In the Streets and On the Screens: Why Black Independent Media is Resistance

by Aph Ko While discussions about racism, white supremacy, and civil rights are currently dominat...


by Aph Ko

While discussions about racism, white supremacy, and civil rights are currently dominating public discourse, I find that it’s relevant, more than ever, to discuss the importance of black independent media. As a 25-year-old young black media producer and content creator, I’ve found that digital media can be an awesome space for merging entertainment and social justice.

I’m the creator of two independent web series that center on political issues generally ignored by mainstream media. Most conversations that don’t cater to white people or men as the primary audiences don’t get much attention. In my first web series, “Tales from the Kraka Tower,” I spotlighted the awkward experiences minoritized students have in higher education. The show follows Lakisha Wisniewski, a biracial woman, and Sam, a white disabled man, who are both master’s students. They have to endure horrible situations and numerous interactions with offensive professors and peers who are unwilling to take a critical look at issues of privilege and oppression. Their awkward experiences highlight the violence of post-racial diversity and sanitized unity.




As I wrote on the Feminist Wire, in mainstream media, the “college experience” is seen solely as an undergraduate experience ripe with parties and casual sex. There is almost nothing centering on the experiences of graduate students and that's why I chose to write this particular story. I not only wanted to show the realities of how mundane school can actually be, but I also wanted to demonstrate how racism, sexism, and ableism still manifest in Master’s and PhD programs.

On December 1st, I released my second web series called, “Black Feminist Blogger,” which comically highlights the massive amount of invisible labor in the feminist blogging marketplace. I wanted to showcase how competitive blogging has become, while also highlighting my experiences as a woman of color who blogs.

The online blogosphere is rarely recognized as a workspace with its own unique set of challenges, co-worker dramas, and odd eccentricities. I think workspace comedies are hilarious because some of the wildest narratives arise from awkward collisions between people who have nothing in common. I love those silent moments of discomfort. This is the space my digital work enters and explores. I love merging these eccentricities with storytelling and critical analysis. Most of the stories depicted in “Black Feminist Blogger” are based on real events in my blogging career.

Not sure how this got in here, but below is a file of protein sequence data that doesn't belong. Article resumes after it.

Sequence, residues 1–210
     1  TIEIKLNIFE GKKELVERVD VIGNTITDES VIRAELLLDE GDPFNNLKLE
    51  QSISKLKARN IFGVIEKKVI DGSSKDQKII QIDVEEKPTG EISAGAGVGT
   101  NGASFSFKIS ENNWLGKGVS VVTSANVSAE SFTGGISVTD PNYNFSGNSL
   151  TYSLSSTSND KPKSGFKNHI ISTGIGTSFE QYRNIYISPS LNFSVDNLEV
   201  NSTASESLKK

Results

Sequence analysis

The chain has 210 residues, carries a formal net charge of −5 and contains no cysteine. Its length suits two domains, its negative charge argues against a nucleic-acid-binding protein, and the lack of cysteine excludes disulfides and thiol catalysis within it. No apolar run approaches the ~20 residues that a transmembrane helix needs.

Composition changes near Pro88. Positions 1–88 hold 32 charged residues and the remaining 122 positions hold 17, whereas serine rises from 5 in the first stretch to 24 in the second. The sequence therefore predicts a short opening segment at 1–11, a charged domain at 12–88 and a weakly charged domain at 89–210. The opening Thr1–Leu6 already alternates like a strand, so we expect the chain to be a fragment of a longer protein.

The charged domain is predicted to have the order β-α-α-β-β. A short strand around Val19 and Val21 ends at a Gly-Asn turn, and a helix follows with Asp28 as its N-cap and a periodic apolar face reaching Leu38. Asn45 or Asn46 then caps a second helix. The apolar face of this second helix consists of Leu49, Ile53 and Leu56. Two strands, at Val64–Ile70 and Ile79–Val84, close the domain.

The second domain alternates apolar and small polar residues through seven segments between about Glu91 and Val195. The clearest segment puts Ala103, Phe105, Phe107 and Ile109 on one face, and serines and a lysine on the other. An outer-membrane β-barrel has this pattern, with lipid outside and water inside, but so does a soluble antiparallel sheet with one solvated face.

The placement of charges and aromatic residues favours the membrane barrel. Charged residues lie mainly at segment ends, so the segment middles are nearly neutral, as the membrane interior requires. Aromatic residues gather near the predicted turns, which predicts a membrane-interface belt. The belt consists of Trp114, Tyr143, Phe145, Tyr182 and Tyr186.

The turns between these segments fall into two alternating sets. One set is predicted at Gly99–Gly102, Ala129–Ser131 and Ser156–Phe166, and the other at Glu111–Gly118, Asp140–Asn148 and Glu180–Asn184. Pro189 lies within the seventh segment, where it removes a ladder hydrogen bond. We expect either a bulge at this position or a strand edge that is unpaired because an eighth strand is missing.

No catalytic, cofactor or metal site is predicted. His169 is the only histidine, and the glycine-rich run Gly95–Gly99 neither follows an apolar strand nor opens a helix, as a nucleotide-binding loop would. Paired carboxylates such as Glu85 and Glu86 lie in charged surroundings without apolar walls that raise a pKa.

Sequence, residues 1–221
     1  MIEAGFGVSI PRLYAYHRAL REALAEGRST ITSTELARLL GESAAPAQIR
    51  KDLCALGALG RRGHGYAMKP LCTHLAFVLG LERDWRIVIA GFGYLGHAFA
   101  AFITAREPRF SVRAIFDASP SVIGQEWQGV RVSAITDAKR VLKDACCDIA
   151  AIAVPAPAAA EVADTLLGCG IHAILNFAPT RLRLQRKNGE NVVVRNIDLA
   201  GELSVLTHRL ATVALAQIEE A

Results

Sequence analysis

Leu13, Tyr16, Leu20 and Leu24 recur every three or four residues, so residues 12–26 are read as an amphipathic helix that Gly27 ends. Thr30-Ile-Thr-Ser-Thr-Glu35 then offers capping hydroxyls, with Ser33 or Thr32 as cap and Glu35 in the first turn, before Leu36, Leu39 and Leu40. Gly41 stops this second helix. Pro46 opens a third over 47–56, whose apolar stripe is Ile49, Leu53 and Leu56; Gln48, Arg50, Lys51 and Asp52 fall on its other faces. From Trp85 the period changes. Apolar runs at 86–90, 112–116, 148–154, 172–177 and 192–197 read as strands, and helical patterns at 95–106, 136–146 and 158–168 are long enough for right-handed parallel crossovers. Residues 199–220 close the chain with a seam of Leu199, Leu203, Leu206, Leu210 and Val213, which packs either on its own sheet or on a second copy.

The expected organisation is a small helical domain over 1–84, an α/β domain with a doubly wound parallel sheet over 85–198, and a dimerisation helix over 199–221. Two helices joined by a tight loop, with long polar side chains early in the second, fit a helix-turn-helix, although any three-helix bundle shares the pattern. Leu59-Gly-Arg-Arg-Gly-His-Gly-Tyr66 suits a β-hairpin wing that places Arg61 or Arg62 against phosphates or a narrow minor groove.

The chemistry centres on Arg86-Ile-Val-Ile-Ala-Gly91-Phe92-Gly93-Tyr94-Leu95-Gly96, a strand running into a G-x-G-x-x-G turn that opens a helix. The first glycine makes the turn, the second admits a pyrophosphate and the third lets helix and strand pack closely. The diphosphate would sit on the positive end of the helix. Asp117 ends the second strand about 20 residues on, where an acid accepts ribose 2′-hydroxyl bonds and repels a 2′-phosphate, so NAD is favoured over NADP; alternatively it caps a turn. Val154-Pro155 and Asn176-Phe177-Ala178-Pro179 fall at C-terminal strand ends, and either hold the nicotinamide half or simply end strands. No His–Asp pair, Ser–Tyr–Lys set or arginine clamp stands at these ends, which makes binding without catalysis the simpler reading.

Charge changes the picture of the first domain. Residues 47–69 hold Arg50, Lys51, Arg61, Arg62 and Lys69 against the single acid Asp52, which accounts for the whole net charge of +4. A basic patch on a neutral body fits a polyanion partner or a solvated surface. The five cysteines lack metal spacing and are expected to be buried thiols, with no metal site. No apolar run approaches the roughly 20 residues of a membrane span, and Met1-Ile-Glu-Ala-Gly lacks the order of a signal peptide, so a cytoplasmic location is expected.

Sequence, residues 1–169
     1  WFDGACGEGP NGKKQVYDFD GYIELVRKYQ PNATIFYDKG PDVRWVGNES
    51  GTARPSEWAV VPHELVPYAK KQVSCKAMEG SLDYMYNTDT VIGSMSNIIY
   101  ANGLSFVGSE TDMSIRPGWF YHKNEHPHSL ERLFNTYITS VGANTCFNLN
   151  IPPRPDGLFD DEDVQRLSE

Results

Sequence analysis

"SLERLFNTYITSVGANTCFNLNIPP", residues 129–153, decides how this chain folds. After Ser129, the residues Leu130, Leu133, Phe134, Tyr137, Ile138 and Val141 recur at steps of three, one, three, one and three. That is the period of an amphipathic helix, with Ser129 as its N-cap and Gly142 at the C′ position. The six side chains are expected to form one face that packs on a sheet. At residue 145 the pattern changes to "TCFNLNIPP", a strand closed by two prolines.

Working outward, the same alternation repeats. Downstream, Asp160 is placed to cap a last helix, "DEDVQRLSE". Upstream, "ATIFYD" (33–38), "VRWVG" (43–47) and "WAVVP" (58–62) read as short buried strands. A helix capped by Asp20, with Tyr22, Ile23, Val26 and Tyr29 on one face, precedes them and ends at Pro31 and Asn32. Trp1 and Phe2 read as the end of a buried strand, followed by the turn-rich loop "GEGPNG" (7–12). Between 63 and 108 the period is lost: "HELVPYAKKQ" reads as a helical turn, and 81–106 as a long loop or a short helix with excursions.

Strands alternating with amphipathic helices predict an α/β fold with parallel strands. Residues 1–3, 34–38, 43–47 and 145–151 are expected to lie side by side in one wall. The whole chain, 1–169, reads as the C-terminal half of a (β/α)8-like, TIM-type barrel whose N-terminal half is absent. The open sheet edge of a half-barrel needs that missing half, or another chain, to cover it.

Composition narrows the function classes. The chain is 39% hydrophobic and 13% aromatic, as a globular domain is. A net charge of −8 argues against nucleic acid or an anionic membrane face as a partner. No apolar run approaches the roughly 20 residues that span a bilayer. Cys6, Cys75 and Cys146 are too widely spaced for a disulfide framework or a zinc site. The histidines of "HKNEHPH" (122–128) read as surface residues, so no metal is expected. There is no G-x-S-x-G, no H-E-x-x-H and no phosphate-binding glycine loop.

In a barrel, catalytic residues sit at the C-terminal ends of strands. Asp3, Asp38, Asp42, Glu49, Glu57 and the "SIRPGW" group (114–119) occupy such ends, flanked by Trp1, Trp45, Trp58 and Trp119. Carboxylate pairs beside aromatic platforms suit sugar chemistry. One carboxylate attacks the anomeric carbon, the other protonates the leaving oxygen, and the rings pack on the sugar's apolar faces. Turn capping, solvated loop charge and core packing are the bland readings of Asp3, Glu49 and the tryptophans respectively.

I love choosing different types of narratives to focus on in my videos. Today, most media products are politically, critically, and intellectually bankrupt. A lot of contemporary comedy is boiled down to two minute videos, saturated with overt satirical punch lines, and obvious “silly” music. Oftentimes when watching these products (that recycle trite racist, sexist, ableist jokes and subject matters), I feel like I’m being spoon-fed comedy, which isn’t all that stimulating. There is nothing challenging or original in a lot of mainstream humor, which is why I would rather create my own indie videos.

I feel like taking risks and sharing my creative political voice is a form of resistance, especially as a minoritized woman.

Imagination is a powerful tool that white supremacy keeps trying to hijack. When imagination becomes institutionalized, corporatized, or white-washed, it can become a tool of violence that can shape reality. Black independent media is a revolutionary reclamation of imagination.

As Ferguson protests occur, not only are we black folk taking up the streets to ensure that our collective voices are amplified, we are also taking up the screens so that everywhere you look, we’re represented.

I aim to create media for people who are regularly minoritized, who are excluded from the dominant idea of what constitutes the "mainstream audience." Sure, the route I'm taking is not as lucrative or fame-centric, but it at least provides a small contribution to people who are thirsty for critical media.

I think it’s important that black folks see a diverse range of representations in entertainment, so we know that we have options. As bell hooks says, “Being oppressed means the absence of choices.”

I don't think entertainment and intellectual nourishment are mutually exclusive. Pick up your own camera. Support creators of independent black media. Black imagination is one of the most powerful tools an activist has.

Use it.

Aph is a contributing writer for Everyday Feminism and loves merging social justice and digital media. You can check out her work here.

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